Mobile-robot reflectance acquisition to detect plastic wrapping
Motivation and scope
There are several applications of computer vision and field robotics where it is important to understand what materials things in the environment are made of. State-of-the-art methods for 3D mapping and scene reconstruction are capable of creating detailed 3D models of the geometry of a place, or an object, but to also faithfully model the appearance of surfaces (e.g., under different lighting conditions) and what they are made of, is a harder problem.
Traditionally, reflectance acquisition has been performed in a controlled setups, with a point-like light source and camera, at a set of known configurations. For a robot operating in uncontrolled environments, it would be useful to be able to acquire material reflectance properties also in cases where it is not possible to study each surface in detail, and to only use available (uncontrolled) lighting.
In particular, this project is to be performed within the ILIAD Horizon2020 project, where one of the tasks is to detect transparent plastic stretch wrapping on goods stacked on pallets in a warehouse environment. The goal is to enable a robotic lift truck to (a) determine whether a pallet that it drives by is wrapped or not and (b) if possible, detect the extents of the plastic sheet, in order to guide a robotic manipulator to the edge of the sheet so as to unwrap the pallet.
As an initial step, reflectance may be measured using the returned intensity from laser range measurements at different angles. For glossy plastic surfaces, the intensity should have a sharp peak at small angles. A similar setup can be created using an RGB-D camera using projected-light triangulation. A more far-reaching goal would be to learn the reflectance properties without any active illumination, but simultaneously detect ambient light fields and model surface reflectance.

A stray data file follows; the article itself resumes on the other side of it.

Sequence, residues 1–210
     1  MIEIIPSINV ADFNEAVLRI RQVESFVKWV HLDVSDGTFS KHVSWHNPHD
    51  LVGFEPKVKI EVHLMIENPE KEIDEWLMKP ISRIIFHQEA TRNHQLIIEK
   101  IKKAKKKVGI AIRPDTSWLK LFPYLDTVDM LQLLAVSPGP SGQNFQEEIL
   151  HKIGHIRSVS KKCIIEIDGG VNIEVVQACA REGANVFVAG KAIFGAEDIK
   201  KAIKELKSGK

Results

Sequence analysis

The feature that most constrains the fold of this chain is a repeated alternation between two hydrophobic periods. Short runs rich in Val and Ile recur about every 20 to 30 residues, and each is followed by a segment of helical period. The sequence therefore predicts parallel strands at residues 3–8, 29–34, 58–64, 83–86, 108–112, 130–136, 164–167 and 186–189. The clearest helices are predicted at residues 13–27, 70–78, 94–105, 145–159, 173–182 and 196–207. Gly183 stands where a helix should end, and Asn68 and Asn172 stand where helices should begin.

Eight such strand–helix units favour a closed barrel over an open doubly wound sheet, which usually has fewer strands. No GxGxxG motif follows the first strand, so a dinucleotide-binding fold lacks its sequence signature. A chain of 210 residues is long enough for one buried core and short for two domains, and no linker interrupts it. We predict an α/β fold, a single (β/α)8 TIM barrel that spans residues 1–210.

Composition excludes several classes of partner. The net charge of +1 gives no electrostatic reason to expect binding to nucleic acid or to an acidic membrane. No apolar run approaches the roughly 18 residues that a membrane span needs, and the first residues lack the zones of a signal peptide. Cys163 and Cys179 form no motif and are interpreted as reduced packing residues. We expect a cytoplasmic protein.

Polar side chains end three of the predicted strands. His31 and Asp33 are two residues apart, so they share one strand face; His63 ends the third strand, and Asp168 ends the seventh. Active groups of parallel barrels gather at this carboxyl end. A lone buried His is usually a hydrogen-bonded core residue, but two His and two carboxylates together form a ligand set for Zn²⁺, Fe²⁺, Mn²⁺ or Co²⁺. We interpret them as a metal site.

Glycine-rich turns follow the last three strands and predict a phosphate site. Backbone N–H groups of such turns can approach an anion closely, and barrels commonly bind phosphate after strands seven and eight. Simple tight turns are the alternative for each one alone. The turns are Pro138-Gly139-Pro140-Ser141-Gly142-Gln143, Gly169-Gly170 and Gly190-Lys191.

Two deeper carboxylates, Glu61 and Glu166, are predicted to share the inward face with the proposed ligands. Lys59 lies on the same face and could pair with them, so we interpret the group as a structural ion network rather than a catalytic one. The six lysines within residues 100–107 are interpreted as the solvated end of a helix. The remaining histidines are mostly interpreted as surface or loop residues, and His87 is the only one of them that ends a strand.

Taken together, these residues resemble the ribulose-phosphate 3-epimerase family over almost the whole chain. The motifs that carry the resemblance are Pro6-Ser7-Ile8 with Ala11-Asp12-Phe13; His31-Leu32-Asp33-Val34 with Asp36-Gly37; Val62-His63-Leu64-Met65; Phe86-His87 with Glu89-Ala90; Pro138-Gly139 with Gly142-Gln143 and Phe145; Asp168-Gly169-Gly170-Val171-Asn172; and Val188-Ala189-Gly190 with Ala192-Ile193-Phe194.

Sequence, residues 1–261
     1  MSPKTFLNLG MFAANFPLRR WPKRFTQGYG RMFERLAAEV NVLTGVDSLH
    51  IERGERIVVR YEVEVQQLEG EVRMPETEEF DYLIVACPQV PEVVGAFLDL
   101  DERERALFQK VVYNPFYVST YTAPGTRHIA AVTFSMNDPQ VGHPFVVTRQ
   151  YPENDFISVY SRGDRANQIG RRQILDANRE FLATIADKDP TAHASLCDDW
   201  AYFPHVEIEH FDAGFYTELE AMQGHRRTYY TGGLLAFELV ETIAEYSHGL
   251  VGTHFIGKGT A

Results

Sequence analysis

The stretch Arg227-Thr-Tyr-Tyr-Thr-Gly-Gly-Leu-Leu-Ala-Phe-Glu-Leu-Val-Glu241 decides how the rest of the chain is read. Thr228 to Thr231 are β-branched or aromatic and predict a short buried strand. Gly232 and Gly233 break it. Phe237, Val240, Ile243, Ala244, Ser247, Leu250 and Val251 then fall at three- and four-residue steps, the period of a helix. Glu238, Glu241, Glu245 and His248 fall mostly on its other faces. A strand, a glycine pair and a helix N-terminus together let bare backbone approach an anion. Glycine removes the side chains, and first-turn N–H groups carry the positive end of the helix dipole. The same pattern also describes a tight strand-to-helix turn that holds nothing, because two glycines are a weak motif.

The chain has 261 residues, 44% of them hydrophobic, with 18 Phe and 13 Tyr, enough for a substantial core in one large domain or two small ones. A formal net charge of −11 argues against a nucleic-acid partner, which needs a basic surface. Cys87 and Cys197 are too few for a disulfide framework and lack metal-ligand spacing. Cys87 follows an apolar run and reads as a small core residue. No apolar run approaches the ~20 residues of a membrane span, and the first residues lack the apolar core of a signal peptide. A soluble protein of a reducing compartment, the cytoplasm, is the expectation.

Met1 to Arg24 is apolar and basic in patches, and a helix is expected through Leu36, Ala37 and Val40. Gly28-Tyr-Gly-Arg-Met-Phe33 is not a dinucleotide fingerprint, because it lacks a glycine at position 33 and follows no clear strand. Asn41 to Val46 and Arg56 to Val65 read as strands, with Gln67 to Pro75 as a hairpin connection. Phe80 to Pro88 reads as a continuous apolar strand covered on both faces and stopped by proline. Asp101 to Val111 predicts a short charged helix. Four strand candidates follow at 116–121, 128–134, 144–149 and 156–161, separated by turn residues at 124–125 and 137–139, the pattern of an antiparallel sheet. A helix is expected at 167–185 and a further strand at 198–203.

- Minimal requirements:
- Using prerecorded lidar data from end-user sites, construct a classifier that can label an object as "plastic" or "not plastic".
- Compare performance with reference measurements from a dedicated reflectance measurement device.
- Integrate with existing (in-house) 3D mapping and localisation software.
- If time and interest permits:
- Construct a classifier that uses RGB-D data instead of lidar data.
- Classify surfaces per point, instead of per object.
- Using lidar or RGB-D data, estimate a parametric model of the reflectance properties (BRDF), as opposed to a binary classification.
- Render reconstructed scenes under different (artificial) lighting conditions, using learned material glossiness.
- Estimate parametric reflectance models (BRDFs) using ambient light instead of light projected from the robot's active sensors.
- Good experience with C++ programming.
- Experience with the ROS ecosystem would be helpful (but not required).
- Experience with computer graphics (BRDF modelling, rendering, path tracing) and statistics (Gaussian processes, Bayes filters) is also a bonus, but not required.
Contact: Martin Magnusson